Two Poems by John Grey

Second Hand Book Store
If e-books had a conscience,
it would look like this:
musty rows of stuffed shelves,
light through webbed window
straining to make out an author’s name,
aged editions of the classics,
signed copies behind a glass case,
obscure dead poets, their gravesites
squeezed between film history
and “The Decameron” in Italian,
coffee table art books cover to cover
with rank travel guides to a younger earth,
shadows crawling up horror tomes,
moth buzzing about an early history of flight,
estate sale bargains stacked on the floor,
and, up front, the crusty old owner
behind a dilapidated desk
with, on one side, an adding machine
and, on the other,
a prehistoric copy of “Books In Print.”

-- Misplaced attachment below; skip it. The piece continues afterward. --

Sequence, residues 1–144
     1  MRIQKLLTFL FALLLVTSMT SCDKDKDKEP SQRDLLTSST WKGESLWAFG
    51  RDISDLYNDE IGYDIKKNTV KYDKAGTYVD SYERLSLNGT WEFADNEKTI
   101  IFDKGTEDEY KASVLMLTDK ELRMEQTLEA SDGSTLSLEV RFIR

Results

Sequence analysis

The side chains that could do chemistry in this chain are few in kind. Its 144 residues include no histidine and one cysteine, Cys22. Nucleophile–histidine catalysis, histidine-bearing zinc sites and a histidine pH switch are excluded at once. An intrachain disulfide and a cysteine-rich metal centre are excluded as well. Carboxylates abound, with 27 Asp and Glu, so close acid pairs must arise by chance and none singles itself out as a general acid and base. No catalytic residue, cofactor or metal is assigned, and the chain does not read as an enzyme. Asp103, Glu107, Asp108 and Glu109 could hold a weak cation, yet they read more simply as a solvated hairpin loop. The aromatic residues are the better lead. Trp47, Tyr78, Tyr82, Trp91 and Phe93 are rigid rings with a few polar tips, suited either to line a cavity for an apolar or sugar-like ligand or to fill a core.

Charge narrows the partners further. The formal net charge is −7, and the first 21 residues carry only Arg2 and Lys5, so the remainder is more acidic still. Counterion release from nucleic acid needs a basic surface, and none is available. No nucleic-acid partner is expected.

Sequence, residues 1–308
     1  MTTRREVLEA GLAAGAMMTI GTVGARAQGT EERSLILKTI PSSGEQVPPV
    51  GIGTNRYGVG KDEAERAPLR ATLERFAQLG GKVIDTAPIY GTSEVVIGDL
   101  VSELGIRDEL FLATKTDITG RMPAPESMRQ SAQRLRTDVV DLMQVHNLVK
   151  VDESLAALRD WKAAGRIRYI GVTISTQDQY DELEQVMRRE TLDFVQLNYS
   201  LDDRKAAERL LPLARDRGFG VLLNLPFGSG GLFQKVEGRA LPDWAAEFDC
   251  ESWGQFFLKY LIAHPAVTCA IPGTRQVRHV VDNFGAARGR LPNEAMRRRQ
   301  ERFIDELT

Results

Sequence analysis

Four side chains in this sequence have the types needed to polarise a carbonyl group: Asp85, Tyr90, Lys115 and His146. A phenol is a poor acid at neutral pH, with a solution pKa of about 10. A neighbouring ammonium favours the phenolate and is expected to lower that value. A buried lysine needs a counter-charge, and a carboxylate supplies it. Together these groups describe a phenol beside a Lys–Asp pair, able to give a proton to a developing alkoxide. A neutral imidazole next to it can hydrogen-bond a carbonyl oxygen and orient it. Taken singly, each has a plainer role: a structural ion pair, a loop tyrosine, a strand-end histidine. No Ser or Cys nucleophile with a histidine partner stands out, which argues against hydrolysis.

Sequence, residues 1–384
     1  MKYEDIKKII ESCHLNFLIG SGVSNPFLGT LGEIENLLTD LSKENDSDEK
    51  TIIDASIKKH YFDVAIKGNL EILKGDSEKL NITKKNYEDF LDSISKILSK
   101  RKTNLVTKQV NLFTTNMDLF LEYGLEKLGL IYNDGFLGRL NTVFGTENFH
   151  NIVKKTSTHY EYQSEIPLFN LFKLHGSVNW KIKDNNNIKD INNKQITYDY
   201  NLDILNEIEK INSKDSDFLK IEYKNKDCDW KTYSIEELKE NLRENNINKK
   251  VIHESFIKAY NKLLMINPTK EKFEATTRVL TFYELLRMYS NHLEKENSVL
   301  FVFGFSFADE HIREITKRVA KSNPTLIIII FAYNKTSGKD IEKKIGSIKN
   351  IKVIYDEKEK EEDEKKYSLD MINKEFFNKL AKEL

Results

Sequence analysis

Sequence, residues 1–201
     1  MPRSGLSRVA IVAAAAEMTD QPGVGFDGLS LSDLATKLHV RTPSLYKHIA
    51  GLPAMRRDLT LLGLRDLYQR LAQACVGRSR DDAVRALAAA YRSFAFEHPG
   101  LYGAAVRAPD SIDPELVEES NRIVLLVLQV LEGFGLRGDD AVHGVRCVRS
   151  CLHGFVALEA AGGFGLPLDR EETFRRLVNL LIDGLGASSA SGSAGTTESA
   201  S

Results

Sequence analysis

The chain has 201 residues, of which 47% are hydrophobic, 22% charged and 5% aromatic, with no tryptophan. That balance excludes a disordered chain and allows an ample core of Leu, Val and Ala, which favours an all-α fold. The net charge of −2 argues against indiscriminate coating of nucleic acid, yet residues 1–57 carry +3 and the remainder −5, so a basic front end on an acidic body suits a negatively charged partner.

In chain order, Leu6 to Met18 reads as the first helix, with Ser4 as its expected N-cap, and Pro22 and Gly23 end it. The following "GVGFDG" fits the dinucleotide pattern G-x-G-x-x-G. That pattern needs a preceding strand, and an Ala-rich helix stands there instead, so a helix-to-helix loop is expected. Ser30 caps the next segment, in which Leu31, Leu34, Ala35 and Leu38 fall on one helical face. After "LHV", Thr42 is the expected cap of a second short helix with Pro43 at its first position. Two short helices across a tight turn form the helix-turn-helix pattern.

But e-books have no conscience.
And either I wrote down the wrong address
or that store’s no longer here.

Immigration Officer
I showed him my passport.
He looked at it intently,
as if peering through
a magnifying glass,
looking for clues
to a robbery, a murder.

The passport picture did me no favors.
The contortions of my face,
all stress, all disappointments,
were as obvious
as a lounge lizard’s lines.

Yes, the stamps from many lands
told the story of my travels.
But I would always be this man
in that snapshot.
My hair would be unkempt,
my cheeks prone to fleshiness.

I’d be weak-eyed,
and on the verge
of losing it.

Eventually, he let me through.
But not until

he had no doubt

what his country was getting into.

About the Poet
John Grey is an Australian born poet. Recently published in Paterson Literary Review, Southern California Review and Natural Bridge with work upcoming in New Plains Review, Leading Edge and Louisiana Literature.